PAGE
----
There amany varieties of different quality avalaible inthe markets and restaurants.
Most are eaten raw, especially as sushi on nigiri!

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Kuro Awabi/”Black Abalone”

As for the main varieties, you can sample expensive Kuro Awabi or “Black Abalones”

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Another expensive variety is Ezo Awabi/”Ezo Abalone”

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Ezo Awabi as sushi.

Lesser varieties include:

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Madaka Awabi

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Madaka Awabi as sushi

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Megai Awabi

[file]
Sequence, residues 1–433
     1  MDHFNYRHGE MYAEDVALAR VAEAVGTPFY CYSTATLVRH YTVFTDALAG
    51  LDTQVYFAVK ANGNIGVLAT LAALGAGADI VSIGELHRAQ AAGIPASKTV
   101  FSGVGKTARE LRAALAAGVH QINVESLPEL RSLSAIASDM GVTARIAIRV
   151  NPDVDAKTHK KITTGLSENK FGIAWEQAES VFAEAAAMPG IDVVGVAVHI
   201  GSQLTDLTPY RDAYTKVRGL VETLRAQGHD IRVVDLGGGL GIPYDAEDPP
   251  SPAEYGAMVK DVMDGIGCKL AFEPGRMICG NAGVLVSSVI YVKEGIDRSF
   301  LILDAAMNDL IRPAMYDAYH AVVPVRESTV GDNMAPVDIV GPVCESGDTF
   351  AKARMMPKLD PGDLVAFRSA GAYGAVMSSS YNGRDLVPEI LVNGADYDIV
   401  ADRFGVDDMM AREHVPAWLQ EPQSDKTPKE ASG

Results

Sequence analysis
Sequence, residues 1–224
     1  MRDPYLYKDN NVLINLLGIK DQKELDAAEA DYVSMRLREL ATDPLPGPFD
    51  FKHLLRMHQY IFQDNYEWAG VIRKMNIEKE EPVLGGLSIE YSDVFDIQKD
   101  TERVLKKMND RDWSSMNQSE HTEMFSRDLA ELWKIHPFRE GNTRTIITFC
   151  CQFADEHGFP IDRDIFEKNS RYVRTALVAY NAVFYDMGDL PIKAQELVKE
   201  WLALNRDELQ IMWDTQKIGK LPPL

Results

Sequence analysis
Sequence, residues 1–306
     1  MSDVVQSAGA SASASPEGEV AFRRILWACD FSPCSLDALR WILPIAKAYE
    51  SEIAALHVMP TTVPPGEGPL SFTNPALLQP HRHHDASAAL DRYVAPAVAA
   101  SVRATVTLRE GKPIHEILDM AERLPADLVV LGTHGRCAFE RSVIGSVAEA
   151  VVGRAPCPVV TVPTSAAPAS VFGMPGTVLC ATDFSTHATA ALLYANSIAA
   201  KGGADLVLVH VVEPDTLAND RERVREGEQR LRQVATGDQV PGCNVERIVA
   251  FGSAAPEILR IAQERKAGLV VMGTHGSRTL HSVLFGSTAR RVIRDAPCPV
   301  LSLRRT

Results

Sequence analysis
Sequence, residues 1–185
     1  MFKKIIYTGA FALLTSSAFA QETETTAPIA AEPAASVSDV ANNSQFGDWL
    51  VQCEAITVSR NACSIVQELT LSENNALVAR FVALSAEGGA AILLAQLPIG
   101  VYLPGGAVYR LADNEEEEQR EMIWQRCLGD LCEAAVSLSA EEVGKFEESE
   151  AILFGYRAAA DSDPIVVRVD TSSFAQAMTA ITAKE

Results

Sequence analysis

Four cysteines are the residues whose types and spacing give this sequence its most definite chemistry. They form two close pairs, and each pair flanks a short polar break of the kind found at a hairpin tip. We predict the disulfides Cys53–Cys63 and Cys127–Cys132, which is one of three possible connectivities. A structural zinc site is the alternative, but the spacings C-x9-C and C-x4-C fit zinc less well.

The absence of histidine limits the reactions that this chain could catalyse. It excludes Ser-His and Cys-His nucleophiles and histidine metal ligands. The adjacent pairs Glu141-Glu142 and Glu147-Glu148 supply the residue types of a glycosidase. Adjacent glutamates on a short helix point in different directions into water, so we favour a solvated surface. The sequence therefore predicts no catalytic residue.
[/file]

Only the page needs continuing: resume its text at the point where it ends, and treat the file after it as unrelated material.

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Megai Awabi as sushi.

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Victoria Awabi imported from Australia.

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Victoria Awabi as sushi.

Do not forget that catching abalones in a ny place in Japan without a proper license is a severly punished poaching offense!

First Sashimi Set of the Year at Tomii!


The Japan Blog List

Please check Shizuoka Gourmet Blog for all the gastronomy in Shizuoka Prefecture!

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tomii-09-06

Yesterday evening, being hungry late at work, I just took a “break” and went for a (slightly extravagant!) quick fix at my favourite Japanese restaurant in Shizuoka City.

Apat of the usual appetizer, I was served th following “O-Tsukuri/Sashimi set” (See above picture, from left to right, top first):

-“Buri/Japanese Amberjack” on a cushion of fresh sprouts
-“Hon-maguro no Akami/Bluefin tuna lean part” with “Shiso no Hana/Perilla Flowers”